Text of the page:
All you need to know about the last phase of the Renewable Energy Directive negotiations

The negotiations on the review of the Renewable Energy Directive (RED) enter the final stretch today, with representatives of the European Parliament, the Council of Ministers and the European Commission meeting for the first informal ‘trialogue’ to negotiate an agreement on the new law.

Here is all you need to know about the institutions’ negotiating mandates, with colours indicating our assessement of the positions:


In January 2018 the European Parliament voted - with a large majority - for an at least 35% binding renewable energy target by 2030, which is a step in the right direction. Unfortunately, this EU-level target would not be backed by binding national targets. Instead, Member States would set their own targets, from which they would be allowed to deviate by 10%.

The European Parliament introduced an overall transport target of 12% containing a 10% blending mandate for ‘advanced’ fuels. The Parliament voted to limit the support to biofuels made from food and feed crops to 2017 national consumption levels and never higher than 7% of all transport fuels, but missed the opportunity to support an ambitious phase out. The Parliament also voted to phase-out support to palm oil based biodiesel as of 2021.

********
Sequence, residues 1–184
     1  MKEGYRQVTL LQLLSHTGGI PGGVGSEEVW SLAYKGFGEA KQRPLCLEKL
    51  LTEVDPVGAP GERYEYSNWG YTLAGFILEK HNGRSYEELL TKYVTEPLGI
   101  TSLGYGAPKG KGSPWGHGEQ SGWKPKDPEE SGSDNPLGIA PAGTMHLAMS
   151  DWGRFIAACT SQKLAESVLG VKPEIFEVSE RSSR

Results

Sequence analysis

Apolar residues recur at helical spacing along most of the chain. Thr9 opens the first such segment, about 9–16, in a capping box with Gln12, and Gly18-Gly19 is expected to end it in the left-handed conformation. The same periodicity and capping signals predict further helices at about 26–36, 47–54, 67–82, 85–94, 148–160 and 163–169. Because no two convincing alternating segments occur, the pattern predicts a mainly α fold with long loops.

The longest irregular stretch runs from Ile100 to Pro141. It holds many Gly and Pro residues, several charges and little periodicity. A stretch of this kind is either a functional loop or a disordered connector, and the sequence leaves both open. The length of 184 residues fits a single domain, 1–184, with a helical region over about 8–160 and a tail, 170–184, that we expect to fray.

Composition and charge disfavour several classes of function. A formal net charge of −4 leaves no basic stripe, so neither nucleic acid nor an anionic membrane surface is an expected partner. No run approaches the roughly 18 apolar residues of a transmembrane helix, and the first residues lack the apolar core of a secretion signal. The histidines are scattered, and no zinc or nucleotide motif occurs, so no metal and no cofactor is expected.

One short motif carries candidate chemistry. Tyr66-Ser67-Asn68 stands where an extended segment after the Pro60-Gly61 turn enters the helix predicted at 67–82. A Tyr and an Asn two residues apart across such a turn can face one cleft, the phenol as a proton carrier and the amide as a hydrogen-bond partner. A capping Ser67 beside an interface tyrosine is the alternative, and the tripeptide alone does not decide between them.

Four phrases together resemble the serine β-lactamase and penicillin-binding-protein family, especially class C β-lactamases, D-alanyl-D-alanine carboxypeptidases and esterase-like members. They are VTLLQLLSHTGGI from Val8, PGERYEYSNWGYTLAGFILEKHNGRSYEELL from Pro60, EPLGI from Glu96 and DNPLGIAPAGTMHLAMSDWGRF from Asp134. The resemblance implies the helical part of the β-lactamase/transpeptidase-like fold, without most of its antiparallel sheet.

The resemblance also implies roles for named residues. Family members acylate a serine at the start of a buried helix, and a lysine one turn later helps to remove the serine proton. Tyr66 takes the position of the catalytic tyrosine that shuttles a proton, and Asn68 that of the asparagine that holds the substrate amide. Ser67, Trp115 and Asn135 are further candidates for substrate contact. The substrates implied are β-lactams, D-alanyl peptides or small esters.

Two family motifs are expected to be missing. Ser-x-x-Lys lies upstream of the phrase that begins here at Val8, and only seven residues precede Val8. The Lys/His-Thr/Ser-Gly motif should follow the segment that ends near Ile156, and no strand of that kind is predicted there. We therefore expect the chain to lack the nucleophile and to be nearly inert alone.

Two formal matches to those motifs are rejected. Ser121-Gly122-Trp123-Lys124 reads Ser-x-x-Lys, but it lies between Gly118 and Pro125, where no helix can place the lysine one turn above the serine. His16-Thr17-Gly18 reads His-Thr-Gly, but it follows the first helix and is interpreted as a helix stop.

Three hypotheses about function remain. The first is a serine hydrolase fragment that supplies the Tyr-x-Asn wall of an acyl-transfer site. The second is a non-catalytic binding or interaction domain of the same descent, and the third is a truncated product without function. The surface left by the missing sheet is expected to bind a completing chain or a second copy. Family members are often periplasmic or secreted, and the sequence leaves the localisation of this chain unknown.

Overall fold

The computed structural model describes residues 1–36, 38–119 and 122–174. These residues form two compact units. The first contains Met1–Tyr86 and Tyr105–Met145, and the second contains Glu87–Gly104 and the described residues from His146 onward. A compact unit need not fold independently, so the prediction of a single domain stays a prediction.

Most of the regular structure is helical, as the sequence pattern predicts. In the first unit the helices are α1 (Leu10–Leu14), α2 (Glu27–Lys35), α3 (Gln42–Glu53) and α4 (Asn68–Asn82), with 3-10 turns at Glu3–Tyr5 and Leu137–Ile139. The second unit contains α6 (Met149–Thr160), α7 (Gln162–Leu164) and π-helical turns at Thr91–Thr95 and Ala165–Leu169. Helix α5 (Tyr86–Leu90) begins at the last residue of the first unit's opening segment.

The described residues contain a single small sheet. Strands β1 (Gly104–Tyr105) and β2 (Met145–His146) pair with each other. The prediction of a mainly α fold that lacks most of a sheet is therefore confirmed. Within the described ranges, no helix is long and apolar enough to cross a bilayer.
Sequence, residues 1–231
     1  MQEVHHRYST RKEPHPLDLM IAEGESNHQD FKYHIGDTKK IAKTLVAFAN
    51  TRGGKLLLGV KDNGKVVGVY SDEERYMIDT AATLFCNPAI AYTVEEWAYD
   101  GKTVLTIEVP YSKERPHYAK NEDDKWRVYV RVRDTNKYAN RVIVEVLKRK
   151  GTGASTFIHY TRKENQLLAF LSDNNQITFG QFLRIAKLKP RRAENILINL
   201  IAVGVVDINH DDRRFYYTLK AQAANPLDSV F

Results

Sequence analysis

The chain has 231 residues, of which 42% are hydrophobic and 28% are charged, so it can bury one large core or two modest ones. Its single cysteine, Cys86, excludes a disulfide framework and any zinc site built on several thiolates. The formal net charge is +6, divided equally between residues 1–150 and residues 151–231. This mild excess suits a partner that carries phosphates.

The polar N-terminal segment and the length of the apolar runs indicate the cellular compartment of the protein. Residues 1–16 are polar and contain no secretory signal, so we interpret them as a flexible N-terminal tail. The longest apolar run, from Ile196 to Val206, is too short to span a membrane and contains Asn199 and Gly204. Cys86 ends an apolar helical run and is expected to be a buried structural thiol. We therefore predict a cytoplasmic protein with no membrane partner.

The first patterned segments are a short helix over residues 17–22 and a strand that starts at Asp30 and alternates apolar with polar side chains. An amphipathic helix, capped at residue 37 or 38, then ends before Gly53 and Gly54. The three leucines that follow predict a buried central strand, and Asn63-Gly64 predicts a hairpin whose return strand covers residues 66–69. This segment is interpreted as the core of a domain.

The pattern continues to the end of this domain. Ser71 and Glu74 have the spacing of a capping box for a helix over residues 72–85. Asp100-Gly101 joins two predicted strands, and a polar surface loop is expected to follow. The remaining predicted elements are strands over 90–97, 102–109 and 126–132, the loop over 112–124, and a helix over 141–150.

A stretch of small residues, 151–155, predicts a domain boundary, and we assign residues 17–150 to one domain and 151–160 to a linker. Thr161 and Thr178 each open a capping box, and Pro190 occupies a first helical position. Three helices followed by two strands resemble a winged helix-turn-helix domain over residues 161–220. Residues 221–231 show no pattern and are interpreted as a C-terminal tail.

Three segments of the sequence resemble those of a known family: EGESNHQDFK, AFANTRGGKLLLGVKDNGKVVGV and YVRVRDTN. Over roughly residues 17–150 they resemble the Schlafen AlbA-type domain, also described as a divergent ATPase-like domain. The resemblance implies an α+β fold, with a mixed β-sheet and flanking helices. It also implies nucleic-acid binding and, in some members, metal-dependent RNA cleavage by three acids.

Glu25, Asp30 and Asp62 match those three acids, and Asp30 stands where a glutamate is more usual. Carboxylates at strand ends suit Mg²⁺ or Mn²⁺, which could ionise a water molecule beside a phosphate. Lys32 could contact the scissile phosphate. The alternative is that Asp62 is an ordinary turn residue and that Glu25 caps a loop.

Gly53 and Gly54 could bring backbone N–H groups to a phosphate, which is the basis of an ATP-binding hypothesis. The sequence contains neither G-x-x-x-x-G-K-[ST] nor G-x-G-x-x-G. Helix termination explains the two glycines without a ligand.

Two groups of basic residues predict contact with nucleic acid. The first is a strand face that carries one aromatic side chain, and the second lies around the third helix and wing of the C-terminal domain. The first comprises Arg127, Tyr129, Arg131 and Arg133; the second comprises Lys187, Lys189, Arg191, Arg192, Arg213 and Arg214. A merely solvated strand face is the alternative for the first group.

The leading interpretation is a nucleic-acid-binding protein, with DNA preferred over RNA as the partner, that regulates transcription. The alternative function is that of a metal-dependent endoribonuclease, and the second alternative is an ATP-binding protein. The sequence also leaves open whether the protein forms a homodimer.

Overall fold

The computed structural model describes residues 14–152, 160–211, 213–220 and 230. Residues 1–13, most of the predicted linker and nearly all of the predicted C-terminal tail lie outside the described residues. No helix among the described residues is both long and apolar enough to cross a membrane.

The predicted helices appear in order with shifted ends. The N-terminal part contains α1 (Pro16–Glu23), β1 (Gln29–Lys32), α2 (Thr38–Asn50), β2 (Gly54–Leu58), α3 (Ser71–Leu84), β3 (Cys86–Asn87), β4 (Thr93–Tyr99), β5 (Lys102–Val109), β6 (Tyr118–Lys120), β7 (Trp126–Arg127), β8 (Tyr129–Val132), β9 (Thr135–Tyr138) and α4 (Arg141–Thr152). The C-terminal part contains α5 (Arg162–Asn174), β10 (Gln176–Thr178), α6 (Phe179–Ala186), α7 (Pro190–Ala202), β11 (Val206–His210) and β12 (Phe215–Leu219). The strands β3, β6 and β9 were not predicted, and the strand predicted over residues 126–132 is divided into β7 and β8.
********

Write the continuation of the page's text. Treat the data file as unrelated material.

In their ‘general approach’ on the RED, agreed upon during the Energy Council in December 2017, Energy ministers did not increase the completely inadequate “at least 27%” target put forward by the Commission, based on out-dated costs assumptions for wind and solar energy. Only Denmark and Portugal called for raising overall ambition. The Council is also against binding national targets.

The ministers agreed on a target of 14% for renewable energy in transport, for which crop-based biofuels are eligible. Ministers chose to remove the tighter limits on the use of food and feed crops proposed by the Commission (3.8% in 2030, instead of 7% currently), although Member states would have the option to set a lower crop biofuels cap and adjust their transport target downwards (“op-out”).


Read our stocktake of the governance and energy efficiency negotiations as well.

Summary table with the position of the institutions






Overall target

At least 27%


At least 27%

At least 35%

Binding national targets




MS set their own targets (with 10% deviation)

Transport target



14% (adjustable)


Phase-out of food- and feed-based biofuels

3.8% in 2030

7% in 2030 (MS may set lower limit)

2017 levels and not higher than 7%

No palm oil


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